By Stephanie Baum
A stent development company founded by serial entrepreneurs Robert Fischell and his sons David and Tim, has brought in $8 million in new investment for its second generation stent for cardiac surgery, raising about $25 million in debt and equity since December, according to Form D filings with the Securities and Exchange Commission.
The additional investment will go towards initiating clinical trials for the second generation of its Acrobat stent in New Zealand, Europe and South America this year.
In an interview with MedCity News, Mark Pomeranz, the CEO of Svelte Medical Systems, said the drug-eluting stent creates a low thrombogenic surface to reduce the possibility of blood clots. Its coating is designed to dissolve as the drug is delivered, lowering the chances of an inflammatory reaction from the coating. The original Acrobat stent received CE mark approval in Europe in 2010.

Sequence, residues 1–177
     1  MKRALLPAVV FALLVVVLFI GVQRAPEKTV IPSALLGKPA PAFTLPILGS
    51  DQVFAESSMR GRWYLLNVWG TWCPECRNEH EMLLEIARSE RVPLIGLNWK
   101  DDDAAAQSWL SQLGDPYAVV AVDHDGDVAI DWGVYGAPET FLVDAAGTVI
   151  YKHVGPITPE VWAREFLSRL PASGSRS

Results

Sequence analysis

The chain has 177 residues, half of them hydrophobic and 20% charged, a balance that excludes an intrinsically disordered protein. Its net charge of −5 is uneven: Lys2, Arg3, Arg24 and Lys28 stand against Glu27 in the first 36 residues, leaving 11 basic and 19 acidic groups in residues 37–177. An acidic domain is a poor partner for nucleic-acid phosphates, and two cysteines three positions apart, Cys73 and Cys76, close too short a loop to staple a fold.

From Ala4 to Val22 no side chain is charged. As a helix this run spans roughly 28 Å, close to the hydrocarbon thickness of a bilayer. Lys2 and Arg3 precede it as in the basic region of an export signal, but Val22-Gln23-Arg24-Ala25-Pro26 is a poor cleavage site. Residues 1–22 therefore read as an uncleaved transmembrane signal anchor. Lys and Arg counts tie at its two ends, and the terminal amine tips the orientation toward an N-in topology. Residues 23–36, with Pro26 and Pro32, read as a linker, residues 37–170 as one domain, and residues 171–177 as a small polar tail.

Svelte is conducting a 30-patient clinical trial of its drug-eluting stent in New Zealand, a favorite for cardiology trials because its country-wide approval process is quicker and easier from a regulatory perspective.
Pomeranz, a veteran of Johnson & Johnson (NYSE:JNJ) company Cordis Cardiology, acknowledged that it has been a challenging climate to raise money for medical device companies as venture capital firms move away from investing in the sector due to the pace of the FDA and the new healthcare tax. Additionally, with more revenue coming from overseas, more businesses are moving activities offshore and repatriation taxes are reducing the likelihood of their return, he said. The industry is facing a new era.
Despite setting itself up to compete with the likes of Medtronic (NYSE:MDT), Abbott Laboratories (NYSE: ABT) and Boston Scientific (NYSE:BSX), Pomeranz sees an opportunity to carve a niche for itself.
The global stent market for the heart is estimated at $5 billion and the stent market for peripheral arteries, an area the company plans to move into, is about $500 million.
“The nice thing in the U.S. market is that even though there are 1,000 catheterization labs, 200 of them drive 60 percent of volume in the market,” said Pomeranz. “That means you don’t need a large sales force to be very effective. When you’re looking at a $5 billion market, even 10 percent to 15 percent of that is very nice.”